It really wasn’t surprising to recently read that vehicle importers spend double on marketing their SUVs and utes than traditional sedans, wagons and hatchbacks. There are real problems with large (usually American) SUVs and utes and their resources consumption, along with the lack of safety for other road users and pedestrians around these vehicles. They still get stuck with the bus or small hatchback in the traffic jam – regardless of the owners highly visible ‘look at me’ statement.
It is similar to the reliance on ‘external consultancies’ with expensive marketing and communications strategies rather than using the in-house talents of the public service, so beloved by the Abbott, Turnbull or Morrison Governments. In the majority of circumstances, the advice of the external consultancies is probably quite valid when considered from the viewpoint of the consultants, who generally have left school, gone to university, gained additional qualifications in their selected profession and then climbed the greasy pole in one of the external consultancies with very little experience in how the rest of us live. So the same people in similar roles at similar service providers are contracted by a public service who have not been resourced well enough by a series of governments to ensure the government can perform their role in society, That is somewhat ironic given the hollowing out of the public service that occurred under the recent decade of Coalition governments – and the claims of the ‘Canberra bubble’ made by the leaders of the same governments. Where’s the real ‘bubble’ or echo chamber here?
Anyway, the point of briefly discussing all of these issues is this. Governments, especially Coalition ones, have completely destroyed any pretence of an equal society. The outcome is Robodebt where (regardless of the lack of legality) decision makers in the government thought that reversing the proof of innocence and making baseless claims that people owed thousands to the government was a good idea. At the same time, the process made it incredibly difficult for those affected to demonstrate the government had it wrong.
It does matter that if you don’t send your child to “St Poshies”, the government doesn’t fund your child’s education to the same value. It isn’t fair or reasonable to you or your child that your child may experience facilities that are falling down around them and staffed by teachers that don’t have the time to prepare lessons and teach the syllabus in amongst the myriad of other things they have to do to ‘help out’. Your child certainly won’t be able to use school-based world class sporting fields or ‘wellness centres’ or gyms because the state systems usually don’t have the funding to pay for them. Your poor child might also have to catch public transport to and from school (quelle horreur!) rather than private transport options provided by the school.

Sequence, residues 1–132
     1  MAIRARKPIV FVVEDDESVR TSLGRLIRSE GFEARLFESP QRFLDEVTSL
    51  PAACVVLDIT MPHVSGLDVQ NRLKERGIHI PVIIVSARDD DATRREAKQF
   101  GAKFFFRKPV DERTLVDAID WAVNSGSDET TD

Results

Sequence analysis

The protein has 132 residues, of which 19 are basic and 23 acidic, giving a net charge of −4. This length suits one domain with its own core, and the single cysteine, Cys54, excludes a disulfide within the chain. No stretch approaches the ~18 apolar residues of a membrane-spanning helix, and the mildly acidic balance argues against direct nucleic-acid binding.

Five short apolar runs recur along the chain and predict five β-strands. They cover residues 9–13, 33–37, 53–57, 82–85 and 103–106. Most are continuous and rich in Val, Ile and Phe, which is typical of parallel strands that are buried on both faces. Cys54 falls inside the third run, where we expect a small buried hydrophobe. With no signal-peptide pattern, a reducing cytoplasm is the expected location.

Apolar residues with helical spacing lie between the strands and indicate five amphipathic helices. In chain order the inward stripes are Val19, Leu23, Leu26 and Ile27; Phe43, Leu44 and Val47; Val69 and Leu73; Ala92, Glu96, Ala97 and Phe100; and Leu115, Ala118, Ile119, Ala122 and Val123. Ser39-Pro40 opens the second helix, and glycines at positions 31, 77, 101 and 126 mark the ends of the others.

And for those who pick their treasured Tarquin or Millicent up, the reality is that a lot of people in the queue outside the private school this afternoon driving the oversized SUV or ute are one or two pay cheques or cancelled contracts away from social security. Regardless of the Coalition’s’ labelling’ of some sectors of the community as ‘lifters and leaners’ or ‘quiet Australians’, implying importance on people’s income, spending and behaviours, things can change dramatically and quickly.
Greed is not good, whoever dies with the most toys doesn’t win and we all deserve to live in a compassionate society. Education of our children is too important to be a political football and using it as such disadvantages all of us. The sooner our political leaders realise that – the better off we all are.